Bad supervisors spoil morale, impede productivity, damage quality, and decrease customer satisfaction. There are way too many bad supervisors. And it’s our fault. Why do we keep doing this? How can we stop it?
Too often, entry level employees get promoted to supervisory roles based on performance in their current position. The best hourly technician, the best waiter, the best sales rep — those are the employees I’m talking about. They’re great at their jobs, so we make them supervisors. We’re stuck in the outdated point of view that excellent performance in an entry-level job earns one a promotion to supervisor.
That approach so frequently fails because being an outstanding individual performer (e.g., brilliant salesperson) requires a completely different set of talents than being a sales manager. So we’re using the wrong criteria to select our supervisors. If we switch to better criteria, we’ll select better supervisors. Our results will improve, and our lives will be easier.
So let’s let go of the emphasis on individual performance and let’s start paying attention to natural supervisory behaviors and attitudes. Do you have an employee who…
1. Demonstrates Initiative? This particular combination of behavior and attitude is fundamental to everything else and should be considered a ticket to admission. This person sees ways to help, to add value and takes action.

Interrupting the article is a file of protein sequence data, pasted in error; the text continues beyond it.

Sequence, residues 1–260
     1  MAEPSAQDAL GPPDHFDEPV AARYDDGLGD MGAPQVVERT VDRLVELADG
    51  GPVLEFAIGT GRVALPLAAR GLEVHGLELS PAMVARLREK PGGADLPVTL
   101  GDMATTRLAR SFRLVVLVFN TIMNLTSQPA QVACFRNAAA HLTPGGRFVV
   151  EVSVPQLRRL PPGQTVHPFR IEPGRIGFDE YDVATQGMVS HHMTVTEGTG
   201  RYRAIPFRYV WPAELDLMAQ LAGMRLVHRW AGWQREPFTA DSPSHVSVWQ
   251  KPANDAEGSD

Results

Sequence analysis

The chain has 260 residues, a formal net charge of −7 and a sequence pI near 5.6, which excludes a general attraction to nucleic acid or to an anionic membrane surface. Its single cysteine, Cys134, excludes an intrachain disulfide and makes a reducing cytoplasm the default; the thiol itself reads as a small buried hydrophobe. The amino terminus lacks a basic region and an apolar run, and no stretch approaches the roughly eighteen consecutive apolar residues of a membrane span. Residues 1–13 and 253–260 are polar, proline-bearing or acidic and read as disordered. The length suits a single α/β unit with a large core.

2. Improves Morale? This person not only has a strong positive attitude, but also has a positive impact on others as well. He or she encourages others to maintain positivity and optimism in the face of adversity.
3. Helps Other Employees? This employee notices when another team member could use some help and just spontaneously moves in to help them. He or she might do this for you as well.
4. Teaches Other Employees? This person frequently is seen sharing something they’ve learned and helping others learn things that empower them to do their jobs better. He or she does this just because they like to.
5. Generates Ideas For Improvement? Great supervisors see ways to make things function more effectively. And they speak up.
6. Demonstrates Leadership? When something needs to get done, this employee just asks others to pitch in — and they do. For instance, “C’mon guys, let’s clean up this area.”
Although this is not an exhaustive list, it’s a heckofalot better than thinking about who’s the best in their current role. In fact, this person might well NOT be the best at their job. He or she might be just okay as a waiter or sales associate. But if you see these attitudes and behaviors, if you see an employee who’s doing this without being asked … that’s the person you should promote to supervisor.
How much easier would your life be if you selected better supervisors?
Thanks for reading. As always, I’d like to hear your thoughts.